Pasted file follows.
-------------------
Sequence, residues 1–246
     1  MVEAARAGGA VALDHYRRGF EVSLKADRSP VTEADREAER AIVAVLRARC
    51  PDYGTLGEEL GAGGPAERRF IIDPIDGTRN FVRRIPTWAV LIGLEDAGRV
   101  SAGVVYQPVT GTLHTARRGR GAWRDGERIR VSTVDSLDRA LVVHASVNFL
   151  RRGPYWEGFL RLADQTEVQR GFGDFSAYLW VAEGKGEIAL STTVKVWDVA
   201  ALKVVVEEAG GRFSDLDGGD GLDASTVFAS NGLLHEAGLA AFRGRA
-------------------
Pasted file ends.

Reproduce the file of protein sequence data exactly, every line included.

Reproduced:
Sequence, residues 1–246
     1  MVEAARAGGA VALDHYRRGF EVSLKADRSP VTEADREAER AIVAVLRARC
    51  PDYGTLGEEL GAGGPAERRF IIDPIDGTRN FVRRIPTWAV LIGLEDAGRV
   101  SAGVVYQPVT GTLHTARRGR GAWRDGERIR VSTVDSLDRA LVVHASVNFL
   151  RRGPYWEGFL RLADQTEVQR GFGDFSAYLW VAEGKGEIAL STTVKVWDVA
   201  ALKVVVEEAG GRFSDLDGGD GLDASTVFAS NGLLHEAGLA AFRGRA